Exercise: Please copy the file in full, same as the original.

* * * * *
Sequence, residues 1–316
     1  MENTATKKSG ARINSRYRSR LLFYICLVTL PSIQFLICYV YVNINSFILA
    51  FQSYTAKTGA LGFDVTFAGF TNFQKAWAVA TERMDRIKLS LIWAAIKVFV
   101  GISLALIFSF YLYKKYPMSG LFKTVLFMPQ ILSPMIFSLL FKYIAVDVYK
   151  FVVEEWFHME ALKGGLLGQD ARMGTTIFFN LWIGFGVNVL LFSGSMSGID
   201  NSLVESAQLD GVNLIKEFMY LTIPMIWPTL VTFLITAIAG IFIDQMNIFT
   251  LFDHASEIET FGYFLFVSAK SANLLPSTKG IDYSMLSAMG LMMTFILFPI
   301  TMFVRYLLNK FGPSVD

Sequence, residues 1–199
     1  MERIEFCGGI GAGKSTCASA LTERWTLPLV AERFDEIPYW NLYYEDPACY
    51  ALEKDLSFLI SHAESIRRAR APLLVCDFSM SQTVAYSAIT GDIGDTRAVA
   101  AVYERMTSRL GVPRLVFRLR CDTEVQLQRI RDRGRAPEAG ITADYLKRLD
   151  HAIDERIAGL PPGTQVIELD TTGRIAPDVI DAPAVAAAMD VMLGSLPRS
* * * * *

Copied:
Sequence, residues 1–316
     1  MENTATKKSG ARINSRYRSR LLFYICLVTL PSIQFLICYV YVNINSFILA
    51  FQSYTAKTGA LGFDVTFAGF TNFQKAWAVA TERMDRIKLS LIWAAIKVFV
   101  GISLALIFSF YLYKKYPMSG LFKTVLFMPQ ILSPMIFSLL FKYIAVDVYK
   151  FVVEEWFHME ALKGGLLGQD ARMGTTIFFN LWIGFGVNVL LFSGSMSGID
   201  NSLVESAQLD GVNLIKEFMY LTIPMIWPTL VTFLITAIAG IFIDQMNIFT
   251  LFDHASEIET FGYFLFVSAK SANLLPSTKG IDYSMLSAMG LMMTFILFPI
   301  TMFVRYLLNK FGPSVD

Sequence, residues 1–199
     1  MERIEFCGGI GAGKSTCASA LTERWTLPLV AERFDEIPYW NLYYEDPACY
    51  ALEKDLSFLI SHAESIRRAR APLLVCDFSM SQTVAYSAIT GDIGDTRAVA
   101  AVYERMTSRL GVPRLVFRLR CDTEVQLQRI RDRGRAPEAG ITADYLKRLD
   151  HAIDERIAGL PPGTQVIELD TTGRIAPDVI DAPAVAAAMD VMLGSLPRS